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The Sukkot Tiyul Survival Guide

Abigail Winograd

The first thing to know about your October tiyul to the Negev is that Yossi Garr, Director of Nativ, will describe this trip to your bewildered and excited group as “An easy hike, nothing too difficult.” This is false, and will be a source of sarcastic laughter and minor resentment in those moments that you are trekking up the most tremendously steep inclined craters that you ( a Miami raised, arguably weak and small eighteen year old) have ever seen. This is okay, because it is truly the toughness and strenuous nature of the three day hike that form the much more interconnected bonds between your track. When your knees are wobbling more than cups on a table during a lively Birkat Hamazon, it is the helpful extended hand of your peer that will allow you to continue and reach the end with a satisfied smile, labored breathing, and only minor scratches and bruises.

The next thing to know is that you will think that you cannot do it. You will look at the beginning of the trail at 8:00 AM and will feel a twisting in your gut resembling that of the entrance to your final exams in high school. ‘What if you are the slowest hiker and everyone judges you?’ ‘What if you just don’t have the strength to carry through all the miles?’ The key in this is that there is no way to resolve those nerves other than taking deep breaths and pushing yourself forward. Each of us, no matter body type or history of asthma, were capable of completing the journey. That was one of the most beautiful things about this tiyul–every Nativer made it to the end, regardless of degree of fitness or skill in hiking. Whether one person needed to stop and take puffs of their inhaler every hour and the other could run circles around the group, we went at a pace comfortable with everyone, and cheered each other on with the most genuine support and care.

The mental barriers that rooted us in our fear and anxiety were the strongest handicaps to reaching the end. This is not only a reflection of the hike, but one that is apparent in our everyday lives as well. So often we are too afraid to step outside of our comfort zones (try new things, initiate conversations, etc) because we are terrified of judgement or poor outcomes. So this as a broader lesson: take deep breaths and blind leaps more often (within reason). Courage is a skill that needs cultivating, and is up to both you and the structure of Nativ itself (through Tiyuls like these) to grow. Beside his comment on the supposed painlessness of the hike, another message from Yossi Garr about our time on Nativ was to “take advantage of opportunity time”. This is to say that we should not just spend each day with the same people in the same places, or to excessively nap (unless we need it), but to explore and meet new people, become interwoven in the community, and establish more meaning in our time here. This cannot be achieved if we are too anxious or nervous to open ourselves to potentially momentous and life changing experiences.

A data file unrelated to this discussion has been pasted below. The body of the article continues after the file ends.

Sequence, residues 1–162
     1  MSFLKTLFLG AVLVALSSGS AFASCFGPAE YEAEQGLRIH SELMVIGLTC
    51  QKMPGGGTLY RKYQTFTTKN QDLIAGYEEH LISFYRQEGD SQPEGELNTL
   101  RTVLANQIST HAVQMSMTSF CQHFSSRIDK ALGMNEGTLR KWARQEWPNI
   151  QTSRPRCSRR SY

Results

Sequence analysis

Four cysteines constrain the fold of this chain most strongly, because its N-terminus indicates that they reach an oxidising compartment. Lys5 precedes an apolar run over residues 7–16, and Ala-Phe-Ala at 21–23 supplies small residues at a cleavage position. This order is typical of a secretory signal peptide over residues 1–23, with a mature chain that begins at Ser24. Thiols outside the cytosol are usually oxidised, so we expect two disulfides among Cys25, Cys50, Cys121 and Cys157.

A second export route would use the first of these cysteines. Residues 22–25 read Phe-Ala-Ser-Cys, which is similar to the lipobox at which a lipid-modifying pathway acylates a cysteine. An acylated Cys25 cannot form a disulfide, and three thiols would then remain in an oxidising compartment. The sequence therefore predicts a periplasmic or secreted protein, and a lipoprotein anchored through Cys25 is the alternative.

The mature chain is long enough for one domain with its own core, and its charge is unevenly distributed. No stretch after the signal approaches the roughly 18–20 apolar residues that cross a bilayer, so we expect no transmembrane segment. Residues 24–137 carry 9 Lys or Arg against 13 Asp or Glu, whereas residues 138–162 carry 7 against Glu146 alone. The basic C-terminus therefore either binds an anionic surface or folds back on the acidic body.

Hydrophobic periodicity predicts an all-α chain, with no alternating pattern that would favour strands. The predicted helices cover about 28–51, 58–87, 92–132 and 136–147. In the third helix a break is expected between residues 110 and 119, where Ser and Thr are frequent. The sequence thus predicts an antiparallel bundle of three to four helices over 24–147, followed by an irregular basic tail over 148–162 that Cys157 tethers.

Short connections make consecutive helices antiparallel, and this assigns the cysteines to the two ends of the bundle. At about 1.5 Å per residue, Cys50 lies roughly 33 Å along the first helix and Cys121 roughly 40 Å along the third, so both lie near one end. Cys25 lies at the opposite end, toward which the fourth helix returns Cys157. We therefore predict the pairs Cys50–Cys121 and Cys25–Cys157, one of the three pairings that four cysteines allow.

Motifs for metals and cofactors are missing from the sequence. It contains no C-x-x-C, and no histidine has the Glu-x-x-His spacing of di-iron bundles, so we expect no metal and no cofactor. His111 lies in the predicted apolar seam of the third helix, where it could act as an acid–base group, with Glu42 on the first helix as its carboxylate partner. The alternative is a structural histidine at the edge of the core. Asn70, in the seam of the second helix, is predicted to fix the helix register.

On more tangible tips: bring snacks, wear sunscreen, put deodorant on your inner thighs so that you do not chafe beneath the unforgiving desert sun, drink your four liters of water, and stretch so that you do not cramp. Do not use your phone, even when you find bars of service on the peaks of mountains, because this is a time to shut down the distracting facades of our online worlds and immerse ourselves in the physical people around us, the beauty of nature, and the sound of silence.

Now go forth and enjoy the breathtaking views of the desert in the arms of true friends-we sure did!

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